Today was the last lecture day for two of my seminars. I had anticipated a feeling a loss, because I had been enjoying myself so much these past months. But it turned out differently.
At this stage, both seminars were focussing on the papers
For the philosophy of mind seminar, I did a 5 minute presentation of the problem area that I wanted to investigate. I had checked with the professor beforehand if that was ok. However, it turned out that everyone else had put much more effort into their plan, so I felt a bit silly. Which was aggravated by the fact that I still not quite sure how to tackle the problem which I want to adress. Despite the research workshop I attended last week, which was great, but ended up saddling me with more questions than I had when I came in. Sniff.
So, all my cards on the philosophy of language paper. My chosen topic was collective speech acts. I had really worked hard on it, and because we were required to write a huge abstract (1500 words for a 5000 word paper), I wrote a full first version. My work was based on an article provided by my professor, plus some more recent work which I had found myself. I had also done some analysis myself, so it was part original. I had to present this work, as the last of the group, and initially it seemed to go well. The group liked it, felt that I was nearly finished, and liked the work I had done.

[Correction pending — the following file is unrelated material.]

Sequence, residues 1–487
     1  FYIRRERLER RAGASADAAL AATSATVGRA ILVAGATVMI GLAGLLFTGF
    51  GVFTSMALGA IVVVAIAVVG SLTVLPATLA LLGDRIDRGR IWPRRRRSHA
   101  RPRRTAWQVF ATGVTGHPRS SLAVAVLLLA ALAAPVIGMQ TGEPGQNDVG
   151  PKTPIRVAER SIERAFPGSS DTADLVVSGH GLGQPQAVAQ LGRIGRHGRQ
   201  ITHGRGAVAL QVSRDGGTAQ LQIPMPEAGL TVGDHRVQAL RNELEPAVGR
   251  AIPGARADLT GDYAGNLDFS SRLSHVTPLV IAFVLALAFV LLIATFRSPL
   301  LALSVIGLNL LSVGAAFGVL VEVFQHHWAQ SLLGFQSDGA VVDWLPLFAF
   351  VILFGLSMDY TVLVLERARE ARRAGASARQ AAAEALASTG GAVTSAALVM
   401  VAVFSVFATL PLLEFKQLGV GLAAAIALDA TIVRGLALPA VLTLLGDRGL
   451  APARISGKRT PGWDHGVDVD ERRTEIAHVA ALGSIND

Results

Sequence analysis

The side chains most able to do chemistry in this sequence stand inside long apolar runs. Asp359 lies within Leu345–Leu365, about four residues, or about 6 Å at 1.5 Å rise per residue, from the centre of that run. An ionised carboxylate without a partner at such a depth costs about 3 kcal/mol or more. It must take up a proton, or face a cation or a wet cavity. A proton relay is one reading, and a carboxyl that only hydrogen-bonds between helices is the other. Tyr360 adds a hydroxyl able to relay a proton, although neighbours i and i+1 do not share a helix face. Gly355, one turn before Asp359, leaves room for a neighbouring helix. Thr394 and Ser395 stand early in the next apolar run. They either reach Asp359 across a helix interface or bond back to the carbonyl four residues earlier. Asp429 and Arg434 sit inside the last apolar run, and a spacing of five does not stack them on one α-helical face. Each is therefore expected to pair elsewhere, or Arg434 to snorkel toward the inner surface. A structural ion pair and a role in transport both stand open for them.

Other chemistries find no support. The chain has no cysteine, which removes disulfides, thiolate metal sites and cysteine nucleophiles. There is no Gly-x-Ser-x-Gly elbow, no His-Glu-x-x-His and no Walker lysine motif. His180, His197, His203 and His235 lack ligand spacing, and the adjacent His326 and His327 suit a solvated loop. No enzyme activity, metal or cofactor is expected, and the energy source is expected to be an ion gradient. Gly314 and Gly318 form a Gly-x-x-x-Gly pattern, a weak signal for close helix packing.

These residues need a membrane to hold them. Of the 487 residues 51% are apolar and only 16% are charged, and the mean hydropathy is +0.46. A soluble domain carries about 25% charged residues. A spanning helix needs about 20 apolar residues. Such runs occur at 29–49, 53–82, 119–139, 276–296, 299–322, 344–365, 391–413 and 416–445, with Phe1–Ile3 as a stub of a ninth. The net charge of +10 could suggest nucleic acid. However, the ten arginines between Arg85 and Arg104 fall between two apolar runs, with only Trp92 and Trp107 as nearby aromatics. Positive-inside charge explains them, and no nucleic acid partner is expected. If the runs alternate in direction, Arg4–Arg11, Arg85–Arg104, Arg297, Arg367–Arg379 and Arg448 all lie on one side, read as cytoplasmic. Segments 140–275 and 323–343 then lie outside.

Enter my professor. He questioned the basic assumption, which is that groups, according to him, cannot have intentions, and certainly companies cannot. I was flabbergasted. This was the basic assumption of the article he had suggested himself. Also, I could not make head or tails of his statement that companies do not feel anything. Of course they do. They are groups of people. We agreed to differ and I will have to introduce a disclaimer in my essay that I take this “controversial” position, and sort out this issue at some later point. But I was disappointed. There was no feedback on the work I had done, just this going on and on about this one issue. It must have upset him in some way, he said afterward that he was agitated by my approach.
My ever supportive husband told me not to
I am still wondering how to solve the philosophical problem, about collective intentions. It may well be that in fact the same problem is at the bottom of my philosophy of mind issue – which is how life develops from a single autopeiotic system, say, a cell, into a social entity through adaptivity. Because social entities eventually develop language. Not as individuals but as members of a group. So I have written to the philosophy-of-mind professors to ask them about group-intentions in herds, schools, and flocks.
Now it it time for a drink. A large one. With ripples.